EU leaders warn over 'unacceptable' UK reform demands
French President Francois Hollande led EU opposition at a summit on Thursday to "unacceptable" demands by British Prime Minister David Cameron for reforms of the bloc.
Cameron said he hoped for "real progress" when he lays out his wish list, including a controversial limit on benefits for migrants, in hopes of securing a deal at the next EU leaders gathering in February.
"We're not pushing for a deal tonight but we're pushing for real momentum so that we can get this deal done. So I am going to be battling hard for Britain right through the night and I think we will be getting a good deal," Cameron told reporters as he arrived.
But Hollande poured cold water on a demand by Cameron for a four-year limit before EU migrants working in Britain can claim benefits such as social housing or child welfare payments, a move many member states see as both discriminatory and at odds with the bloc's core principle of free movement.
"If it is legitimate to listen to the British prime minister, it is unacceptable to revise founding European commitments," Hollande told reporters.
The EU's top officials, European Council President Donald Tusk and European Commission President Jean-Claude Juncker, also cast doubt on some of Cameron's demands.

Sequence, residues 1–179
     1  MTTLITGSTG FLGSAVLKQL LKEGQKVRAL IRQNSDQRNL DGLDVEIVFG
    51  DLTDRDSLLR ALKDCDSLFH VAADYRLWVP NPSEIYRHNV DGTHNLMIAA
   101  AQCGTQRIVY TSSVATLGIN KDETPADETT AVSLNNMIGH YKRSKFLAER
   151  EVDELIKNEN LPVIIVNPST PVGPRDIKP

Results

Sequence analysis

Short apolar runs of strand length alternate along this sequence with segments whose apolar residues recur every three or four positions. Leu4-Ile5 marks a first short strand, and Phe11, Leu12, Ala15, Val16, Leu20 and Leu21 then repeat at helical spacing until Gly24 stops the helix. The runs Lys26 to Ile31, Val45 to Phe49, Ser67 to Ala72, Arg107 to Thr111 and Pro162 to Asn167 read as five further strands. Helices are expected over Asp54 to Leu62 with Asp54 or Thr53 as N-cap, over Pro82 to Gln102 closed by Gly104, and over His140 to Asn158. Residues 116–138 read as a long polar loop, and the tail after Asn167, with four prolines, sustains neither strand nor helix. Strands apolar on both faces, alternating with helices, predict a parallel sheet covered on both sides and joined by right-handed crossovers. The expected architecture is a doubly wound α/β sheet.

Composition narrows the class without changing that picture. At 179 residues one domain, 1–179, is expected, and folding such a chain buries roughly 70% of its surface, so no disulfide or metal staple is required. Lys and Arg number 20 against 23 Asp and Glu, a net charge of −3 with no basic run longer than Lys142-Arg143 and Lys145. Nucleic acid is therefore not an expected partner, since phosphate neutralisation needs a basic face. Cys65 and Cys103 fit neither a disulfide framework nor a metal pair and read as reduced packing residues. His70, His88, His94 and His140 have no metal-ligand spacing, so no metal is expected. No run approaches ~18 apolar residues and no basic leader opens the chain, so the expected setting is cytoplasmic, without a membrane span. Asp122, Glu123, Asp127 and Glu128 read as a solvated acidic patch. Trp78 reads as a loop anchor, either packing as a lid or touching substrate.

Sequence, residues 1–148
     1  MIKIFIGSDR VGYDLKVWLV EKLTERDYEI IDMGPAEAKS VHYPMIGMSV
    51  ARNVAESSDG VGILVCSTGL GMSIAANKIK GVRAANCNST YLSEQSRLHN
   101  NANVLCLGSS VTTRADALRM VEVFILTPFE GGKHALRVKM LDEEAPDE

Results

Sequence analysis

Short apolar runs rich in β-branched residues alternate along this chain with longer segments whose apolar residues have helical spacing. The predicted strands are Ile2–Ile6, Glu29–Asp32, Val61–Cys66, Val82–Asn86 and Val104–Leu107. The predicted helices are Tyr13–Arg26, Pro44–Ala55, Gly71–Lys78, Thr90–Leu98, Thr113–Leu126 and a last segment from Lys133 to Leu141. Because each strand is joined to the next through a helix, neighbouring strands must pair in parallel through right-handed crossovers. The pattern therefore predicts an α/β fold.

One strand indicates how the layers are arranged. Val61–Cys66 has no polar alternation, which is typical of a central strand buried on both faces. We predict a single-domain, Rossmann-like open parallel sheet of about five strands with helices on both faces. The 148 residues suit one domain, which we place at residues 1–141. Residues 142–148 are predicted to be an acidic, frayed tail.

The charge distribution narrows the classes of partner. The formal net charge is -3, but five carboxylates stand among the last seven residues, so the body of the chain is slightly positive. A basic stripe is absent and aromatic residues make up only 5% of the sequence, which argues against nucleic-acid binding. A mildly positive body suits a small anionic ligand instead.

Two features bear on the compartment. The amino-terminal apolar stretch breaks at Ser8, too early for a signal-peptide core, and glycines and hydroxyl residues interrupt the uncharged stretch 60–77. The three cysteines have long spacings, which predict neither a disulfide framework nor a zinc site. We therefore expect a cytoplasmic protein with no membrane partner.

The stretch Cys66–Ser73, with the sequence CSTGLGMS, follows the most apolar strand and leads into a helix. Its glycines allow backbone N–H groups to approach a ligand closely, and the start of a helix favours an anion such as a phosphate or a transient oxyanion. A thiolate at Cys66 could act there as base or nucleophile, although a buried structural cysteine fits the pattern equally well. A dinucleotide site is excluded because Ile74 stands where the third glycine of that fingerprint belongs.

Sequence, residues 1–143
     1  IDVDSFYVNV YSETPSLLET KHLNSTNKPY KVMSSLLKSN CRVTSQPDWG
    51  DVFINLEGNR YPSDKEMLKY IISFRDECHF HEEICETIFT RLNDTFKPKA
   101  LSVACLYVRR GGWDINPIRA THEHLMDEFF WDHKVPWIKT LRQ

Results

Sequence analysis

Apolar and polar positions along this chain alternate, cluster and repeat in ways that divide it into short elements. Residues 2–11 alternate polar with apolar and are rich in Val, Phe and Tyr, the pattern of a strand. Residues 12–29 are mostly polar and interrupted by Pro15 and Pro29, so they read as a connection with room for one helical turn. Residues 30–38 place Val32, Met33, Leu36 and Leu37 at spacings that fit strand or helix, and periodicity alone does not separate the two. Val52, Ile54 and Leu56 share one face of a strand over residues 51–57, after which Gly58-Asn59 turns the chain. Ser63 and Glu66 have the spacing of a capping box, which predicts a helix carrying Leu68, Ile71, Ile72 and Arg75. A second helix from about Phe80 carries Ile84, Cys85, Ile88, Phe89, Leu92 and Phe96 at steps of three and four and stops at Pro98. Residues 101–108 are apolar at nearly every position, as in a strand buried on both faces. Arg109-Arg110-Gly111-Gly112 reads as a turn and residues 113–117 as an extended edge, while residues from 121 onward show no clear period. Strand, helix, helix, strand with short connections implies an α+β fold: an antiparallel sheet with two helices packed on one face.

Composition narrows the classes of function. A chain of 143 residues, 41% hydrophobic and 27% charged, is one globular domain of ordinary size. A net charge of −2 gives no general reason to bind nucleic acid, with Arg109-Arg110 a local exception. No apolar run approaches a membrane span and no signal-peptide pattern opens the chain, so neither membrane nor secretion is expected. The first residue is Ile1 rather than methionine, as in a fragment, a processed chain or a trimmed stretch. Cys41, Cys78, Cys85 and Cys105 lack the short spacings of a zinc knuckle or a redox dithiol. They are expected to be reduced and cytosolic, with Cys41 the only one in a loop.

"The consultations I have led with all member states show the goodwill of the participants but it doesn't change the fact that some parts of the British proposal seem unacceptable," Tusk told reporters.
"However, if Prime Minister Cameron persuades leaders tonight that we can work together to find solutions regarding all four baskets, we will have a real chance to strike a deal in February."
Cameron wants EU reforms in four areas or "baskets" ahead of a British referendum to be held by the end of 2017.
As well as the migrant benefit limits, the other areas are greater protections for non-euro countries such as Britain, an opt out from the "ever closer union" goal in the EU's treaties and a new focus on greater economic competitiveness.
Juncker, the head of the EU's powerful executive arm, said he hoped to hear "other options to the single one proposed" by Cameron for the benefits ban.
"We want a fair deal with Britain but this fair deal with Britain has to be a fair deal for the other 27 too," Juncker said ahead of the summit.
German Chancellor Angela Merkel took a more cautious tone, while indicating she would not back down on the migrant benefits issue.
"We would indeed like to keep Britain in the EU but at the same time we must not limit the fundamental principles of the EU," Merkel told reporters.
Hungarian Prime Minister Viktor Orban said three of the demands were "easy for us" but the migrants issue was "more complicated."
Poland, Hungary and other eastern European countries have benefited hugely as hundreds of thousands of their nationals have found work elsewhere in the EU, and especially in Britain.
© 2015 AFP